Can you admit when you’re wrong?

We all know someone who just can’t admit when they’re wrong. They’ll put their fingers in their ears and insist they can’t see or hear the evidence of their mistake.

Even when there doesn’t seem to be any reason to deny it! Emotionally healthy people can usually own up to their mistakes – after all, refusing to acknowledge when we’ve gone wrong is childish, inefficient, and risks the blame falling on someone else. But those with fragile egos may not see it that way. To them, they must save face at all costs. So, what’s the deal with those people who just can’t say “yes, I got that wrong”?

Leadership Development

When you need to always be right

One sign of low emotional intelligence is the inability to own up to our mistakes. Our ego takes a big hit when saying that we got something wrong, and many people’s egos are just not trained to take that hit. Practice makes perfect, so it’s important to start with admitting small, inconsequential mistakes. That way, the ego learns that usually, most mistakes can be recognised and then forgotten about – it’s that simple.

Many people fear admitting mistakes because they worry about a disproportionate reaction – for example, the employee whose previous employer was verbally abusive and liked to scream criticism instead of calmly deliver feedback. Part of encouraging people to be open about errors they’ve made is letting them know that they won’t regret admitting it.

Of course, many people won’t admit a mistake even when confronted with the evidence – this is classic ‘doubling down’, when in the face of the facts that contradict our beliefs, we insist even harder that we are right, not caring how immature and foolish the blatant lie makes us look. This type of doubling down is very common, and also makes sense – after all, this study showed that for some people, continuous denial of being in the wrong is satisfying and gives the ego a boost.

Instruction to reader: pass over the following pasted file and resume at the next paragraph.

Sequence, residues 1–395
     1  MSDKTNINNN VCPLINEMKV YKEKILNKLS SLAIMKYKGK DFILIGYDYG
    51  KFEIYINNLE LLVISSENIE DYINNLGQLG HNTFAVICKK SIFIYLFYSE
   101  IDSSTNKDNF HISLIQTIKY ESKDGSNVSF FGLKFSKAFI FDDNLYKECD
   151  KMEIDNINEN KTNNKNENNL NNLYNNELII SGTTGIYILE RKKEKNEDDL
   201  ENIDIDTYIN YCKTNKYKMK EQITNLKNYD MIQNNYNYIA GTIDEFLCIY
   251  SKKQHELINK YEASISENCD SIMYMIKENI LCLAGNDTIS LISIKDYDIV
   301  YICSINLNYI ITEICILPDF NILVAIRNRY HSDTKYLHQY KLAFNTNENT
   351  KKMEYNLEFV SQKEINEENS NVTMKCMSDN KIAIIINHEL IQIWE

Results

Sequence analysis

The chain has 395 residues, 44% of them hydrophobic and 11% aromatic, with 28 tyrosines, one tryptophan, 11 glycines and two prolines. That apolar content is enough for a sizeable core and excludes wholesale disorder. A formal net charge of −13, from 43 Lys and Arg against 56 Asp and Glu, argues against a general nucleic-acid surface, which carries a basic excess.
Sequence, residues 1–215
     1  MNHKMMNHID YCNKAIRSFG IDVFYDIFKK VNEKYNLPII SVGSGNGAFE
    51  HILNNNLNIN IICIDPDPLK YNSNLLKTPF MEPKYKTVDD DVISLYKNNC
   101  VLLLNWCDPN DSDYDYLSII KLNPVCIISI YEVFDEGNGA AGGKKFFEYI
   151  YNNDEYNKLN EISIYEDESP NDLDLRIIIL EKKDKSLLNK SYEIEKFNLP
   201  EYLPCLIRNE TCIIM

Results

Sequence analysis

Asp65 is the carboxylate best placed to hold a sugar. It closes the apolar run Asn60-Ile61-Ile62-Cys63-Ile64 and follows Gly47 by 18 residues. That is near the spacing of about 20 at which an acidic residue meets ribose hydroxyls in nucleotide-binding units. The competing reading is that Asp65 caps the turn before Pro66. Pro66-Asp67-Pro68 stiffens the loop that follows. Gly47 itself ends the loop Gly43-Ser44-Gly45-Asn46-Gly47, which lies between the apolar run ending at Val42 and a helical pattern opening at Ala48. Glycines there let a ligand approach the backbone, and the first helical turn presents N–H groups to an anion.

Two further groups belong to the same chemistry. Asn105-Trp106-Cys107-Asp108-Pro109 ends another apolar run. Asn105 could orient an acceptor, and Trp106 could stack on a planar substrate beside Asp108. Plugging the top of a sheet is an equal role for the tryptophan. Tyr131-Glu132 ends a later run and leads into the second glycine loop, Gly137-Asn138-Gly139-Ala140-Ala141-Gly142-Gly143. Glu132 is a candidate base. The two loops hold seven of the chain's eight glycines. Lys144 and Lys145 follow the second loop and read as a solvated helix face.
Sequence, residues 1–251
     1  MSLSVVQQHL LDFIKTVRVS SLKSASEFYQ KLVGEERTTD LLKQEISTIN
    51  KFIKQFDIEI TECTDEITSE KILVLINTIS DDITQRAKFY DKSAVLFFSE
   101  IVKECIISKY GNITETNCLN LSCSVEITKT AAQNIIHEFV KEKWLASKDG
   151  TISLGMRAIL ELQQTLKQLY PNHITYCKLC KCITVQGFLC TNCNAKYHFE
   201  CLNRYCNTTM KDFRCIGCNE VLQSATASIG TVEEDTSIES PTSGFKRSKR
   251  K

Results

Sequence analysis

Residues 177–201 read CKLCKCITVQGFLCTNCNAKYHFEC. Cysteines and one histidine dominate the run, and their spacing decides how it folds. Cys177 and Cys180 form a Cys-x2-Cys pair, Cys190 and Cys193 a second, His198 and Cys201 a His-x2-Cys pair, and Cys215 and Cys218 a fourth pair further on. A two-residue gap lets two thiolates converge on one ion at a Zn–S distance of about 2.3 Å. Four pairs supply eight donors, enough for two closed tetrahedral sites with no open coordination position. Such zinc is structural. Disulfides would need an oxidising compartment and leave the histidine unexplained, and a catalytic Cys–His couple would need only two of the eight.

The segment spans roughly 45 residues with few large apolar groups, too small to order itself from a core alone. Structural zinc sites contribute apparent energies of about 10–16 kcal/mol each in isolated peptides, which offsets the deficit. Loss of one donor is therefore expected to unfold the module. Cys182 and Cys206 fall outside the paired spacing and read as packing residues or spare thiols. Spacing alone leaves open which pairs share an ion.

But ultimately, staying tight-lipped on the mistakes that everyone makes from time-to-time can be very bad for us. We bottle up our feelings of incompetency and turn them inwards, and we never learn that it is okay to make mistakes, and grow from the experience of being honest even when we anticipate adversity in doing so.

Mistakes happen, and life goes on!

Whether you lost an important file or ate the last chocolate biscuit that was meant to be for the boss, mistakes happen, big or small. Being able to own up to them helps us to grow, increases respect, and helps everything carry on smoothly. This is just one part of good communication.

You might want to check out our Rewired to Relate programme that teaches workers to keep calm
under pressure and empathise with the other person, which can make it much easier to admit to
having got something wrong, without as big a fear of “looking bad”.

Or you could click here to find out more about how we can help your team come together in their
everyday communication and behaviours.

Leadership Development

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